The valve, details of which are best illustrated in FIG. 6, has a peripheral outline of substantially elliptical shape such that when moved to the inclined dotted line position seen in FIG. 2, the projection of the valve is circular and the valve constitutes a continuous and effective sealing closure completely around the interior of the valve chamber 56. As best seen in FIG. 6, the upper and lower portions of the valve 54 are arcuate struck from centers 90 and 92 respectively, and the side portions are arcuate struck from centers indicated at 94 and 96. The valve is somewhat flattened, as best seen in FIG. 2, and has a thickened central portion through which extends an opening 98 which is initially of cylindrical configuration. The valve, while flattened, is of streamline configuration to incorporate the thickened central portion so as to provide minimum resistance to flow of fluid through the valve.

The valve is formed of a suitable elastically deformable material and may conveniently be formed of the same material as the valve body, having of course the same approximate hardness.

An important feature of the present invention is the relationship between the valve body 50, the seal or liner 52, the valve 54, and the shaft of the lever 36 including its serrated portion 38. These are dimensioned and are formed of materials such that the subassemblies of these parts may be produced by first inserting the seal or liner 52 in the valve body 50 in the relationship best illustrated in FIG. 5. Thereafter, the valve 54 is positioned within the chamber 56 with the opening 98 therethrough in alignment with the openings 74, 84, 86 and the blind opening 76, and with the valve in a predetermined angular position. At this time the end of the shaft portion of the lever 36 is inserted through these openings, while its crank 34 is in the correct angular position to correspond to that of valve 54. From FIG. 4 it will be observed that the crests of the serrations lie outside the cylinder formed by the projections of the cylindrical portions 44, 46. The leading end of the shaft is tapered as best illustrated in FIG. 3 and guides the shaft portion of the lever through the openings until the tapered end is received in the opening 76.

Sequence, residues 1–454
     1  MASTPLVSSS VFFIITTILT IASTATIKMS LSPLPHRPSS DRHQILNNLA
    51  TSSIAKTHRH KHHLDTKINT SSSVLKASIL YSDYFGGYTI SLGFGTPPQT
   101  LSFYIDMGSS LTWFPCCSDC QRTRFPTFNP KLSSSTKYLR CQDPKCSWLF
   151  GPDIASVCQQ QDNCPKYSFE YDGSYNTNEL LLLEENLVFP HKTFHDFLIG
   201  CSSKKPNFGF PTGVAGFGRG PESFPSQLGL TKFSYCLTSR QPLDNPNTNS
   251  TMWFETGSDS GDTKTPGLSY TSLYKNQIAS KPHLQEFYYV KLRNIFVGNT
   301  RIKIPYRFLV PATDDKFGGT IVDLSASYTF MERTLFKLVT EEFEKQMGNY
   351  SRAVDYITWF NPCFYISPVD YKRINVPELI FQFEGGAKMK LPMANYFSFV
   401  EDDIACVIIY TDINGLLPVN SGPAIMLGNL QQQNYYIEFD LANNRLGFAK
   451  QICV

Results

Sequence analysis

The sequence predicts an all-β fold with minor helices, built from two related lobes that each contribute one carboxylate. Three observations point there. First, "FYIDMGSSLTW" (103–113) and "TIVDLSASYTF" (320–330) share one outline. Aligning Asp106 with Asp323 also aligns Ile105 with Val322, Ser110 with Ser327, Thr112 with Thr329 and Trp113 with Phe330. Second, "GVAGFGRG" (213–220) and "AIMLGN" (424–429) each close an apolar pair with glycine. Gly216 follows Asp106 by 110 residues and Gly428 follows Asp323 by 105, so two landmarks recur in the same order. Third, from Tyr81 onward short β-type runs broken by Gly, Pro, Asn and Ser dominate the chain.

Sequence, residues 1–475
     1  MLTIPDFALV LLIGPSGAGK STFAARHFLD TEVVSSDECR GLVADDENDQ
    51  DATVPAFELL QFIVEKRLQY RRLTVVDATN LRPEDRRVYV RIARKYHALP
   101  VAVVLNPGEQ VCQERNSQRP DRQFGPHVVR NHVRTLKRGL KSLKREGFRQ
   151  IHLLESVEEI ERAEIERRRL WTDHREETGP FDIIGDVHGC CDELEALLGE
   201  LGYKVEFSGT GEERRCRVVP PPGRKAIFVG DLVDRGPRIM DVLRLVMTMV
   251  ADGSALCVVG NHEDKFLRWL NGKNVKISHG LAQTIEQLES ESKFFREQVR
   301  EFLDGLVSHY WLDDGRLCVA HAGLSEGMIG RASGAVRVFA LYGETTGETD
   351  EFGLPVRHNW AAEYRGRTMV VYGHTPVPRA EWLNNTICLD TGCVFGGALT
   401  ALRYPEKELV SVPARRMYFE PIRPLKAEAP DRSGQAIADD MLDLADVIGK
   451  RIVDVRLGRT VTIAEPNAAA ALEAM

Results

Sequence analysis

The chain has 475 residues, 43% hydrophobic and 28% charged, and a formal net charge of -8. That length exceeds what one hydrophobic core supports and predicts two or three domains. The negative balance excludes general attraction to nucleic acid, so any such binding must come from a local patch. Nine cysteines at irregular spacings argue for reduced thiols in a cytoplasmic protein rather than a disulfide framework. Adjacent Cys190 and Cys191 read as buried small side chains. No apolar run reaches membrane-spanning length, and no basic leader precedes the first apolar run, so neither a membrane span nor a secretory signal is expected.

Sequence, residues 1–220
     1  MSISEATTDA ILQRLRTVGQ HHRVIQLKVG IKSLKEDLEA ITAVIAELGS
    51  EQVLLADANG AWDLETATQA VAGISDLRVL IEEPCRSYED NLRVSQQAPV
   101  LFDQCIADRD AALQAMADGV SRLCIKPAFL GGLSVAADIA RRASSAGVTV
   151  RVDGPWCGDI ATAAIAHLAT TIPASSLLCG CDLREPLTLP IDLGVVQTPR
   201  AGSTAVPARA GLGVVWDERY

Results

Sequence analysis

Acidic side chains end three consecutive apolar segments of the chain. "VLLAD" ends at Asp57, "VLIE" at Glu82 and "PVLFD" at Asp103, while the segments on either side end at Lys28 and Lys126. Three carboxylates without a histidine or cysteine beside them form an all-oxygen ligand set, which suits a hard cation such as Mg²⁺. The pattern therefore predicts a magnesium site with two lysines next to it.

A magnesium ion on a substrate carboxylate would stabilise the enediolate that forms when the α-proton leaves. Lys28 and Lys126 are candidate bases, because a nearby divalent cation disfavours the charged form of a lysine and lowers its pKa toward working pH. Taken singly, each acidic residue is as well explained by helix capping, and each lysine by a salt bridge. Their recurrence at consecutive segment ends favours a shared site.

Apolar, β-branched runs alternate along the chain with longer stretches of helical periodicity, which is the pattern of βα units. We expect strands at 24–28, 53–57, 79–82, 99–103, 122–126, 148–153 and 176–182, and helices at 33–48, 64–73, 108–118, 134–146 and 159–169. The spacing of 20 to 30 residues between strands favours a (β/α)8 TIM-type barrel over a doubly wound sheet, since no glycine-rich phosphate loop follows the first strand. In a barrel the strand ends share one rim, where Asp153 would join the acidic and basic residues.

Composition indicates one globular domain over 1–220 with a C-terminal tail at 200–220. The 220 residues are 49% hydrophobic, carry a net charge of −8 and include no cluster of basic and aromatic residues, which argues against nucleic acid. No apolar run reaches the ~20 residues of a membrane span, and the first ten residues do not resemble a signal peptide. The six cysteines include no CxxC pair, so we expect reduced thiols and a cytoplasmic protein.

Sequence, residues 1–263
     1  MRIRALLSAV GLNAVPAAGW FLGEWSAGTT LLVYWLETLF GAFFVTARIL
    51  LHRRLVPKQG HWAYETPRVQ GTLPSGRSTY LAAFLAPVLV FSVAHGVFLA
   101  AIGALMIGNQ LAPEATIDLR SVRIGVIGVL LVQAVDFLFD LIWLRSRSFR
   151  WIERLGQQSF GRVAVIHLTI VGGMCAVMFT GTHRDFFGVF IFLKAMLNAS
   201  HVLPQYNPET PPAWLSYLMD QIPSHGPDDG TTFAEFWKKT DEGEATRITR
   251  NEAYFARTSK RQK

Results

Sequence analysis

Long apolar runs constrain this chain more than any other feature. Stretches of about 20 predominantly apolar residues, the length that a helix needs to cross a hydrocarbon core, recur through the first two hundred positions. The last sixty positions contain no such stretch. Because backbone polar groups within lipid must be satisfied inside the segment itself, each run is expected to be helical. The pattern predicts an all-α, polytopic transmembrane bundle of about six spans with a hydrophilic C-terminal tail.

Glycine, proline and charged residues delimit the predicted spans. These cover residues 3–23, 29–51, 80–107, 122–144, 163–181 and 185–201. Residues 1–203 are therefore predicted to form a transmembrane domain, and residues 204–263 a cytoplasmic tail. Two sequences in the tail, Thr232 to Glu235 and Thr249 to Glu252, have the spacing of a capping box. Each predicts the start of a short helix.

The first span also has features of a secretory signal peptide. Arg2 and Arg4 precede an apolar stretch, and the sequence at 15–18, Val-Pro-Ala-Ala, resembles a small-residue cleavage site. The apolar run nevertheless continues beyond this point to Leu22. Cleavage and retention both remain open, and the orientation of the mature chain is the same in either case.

The body 50 is sufficiently yieldable to accept the imprint of the serrated portion of the lever as it passes through the opening 74 thereof, while having sufficient resilience or elasticity to provide a smooth bearing surface for the shaft portion of the lever in final assembled position. It is of course rigid enough to be selfsupporting, and to support the valve, valve shaft, and liner or seal in the relationship described.

While the valve body, seal and valve are all elastically deformable, the liner or seal is substantially softer and more readily deformable than said body and valve.

The seal 52 is formed of the relatively soft elastomeric material having a durometer hardness of about 55-85 and is readily yieldable to permit passage through the opening 84 thereof of the enlarged serrated shaft, and thereafter to close elastically onto the cylindrical portion 44 of the shaft to provide an effective seal therewith. Similarly, the opening 86 in the seal is adapted to provide a tight fitting seal on the cylindrical portion 46 of the shaft.

The central opening 98 through the valve is dimensioned so as to have a substantially interference fit with the crests of the serrations 40 and 42, while being sufficiently yieldable to permit longitudinal movement of these serrations therein. Thus, when the shaft has been inserted to final position, the valve 54 is drivingly engaged by the serrations of the intermediate portion of the shaft, and serves the additional function of retaining the crank in proper position in the complete assembly, both angularly with respect to the valve, as well as longitudinally with respect to the valve body. The opening 74 in the valve body 50 is preferably dimensioned to have an interference fit with the crests of the serrations as they are moved therethrough, but to thereafter provide a journal bearing for the cylindrical portion 44 thereof. The sharp crests of serrations 40, 42 move readily through the opening 74, leaving a per ceptible imprint therein, but the material of the slightly elastically yieldable valve body 50 nevertheless provides an essentially cylindrical bearing surface for the smooth cylindrical shaft portion 44 after the serrated shaft portion 38 has passed therethrough.

The seal or liner 52 performs three important functions. In the first place, it is yieldingly and elastically engaged by the peripheral portion of the valve to provide a tight and efficient valve closure. Secondly, it tightly engages the cylindrical portions 44 and 46 of the shaft to provide an effective shaft seal. Finally, the length of the seal 52 slightly exceeds the length of the enlargement 83 within the valve body so that the seal, when assembled with the mounting plate 12, is under longitudinal compression between shoulder 83a and mounting plate 12 and provides an effective sealing gasket around the opening through the mounting plate 12.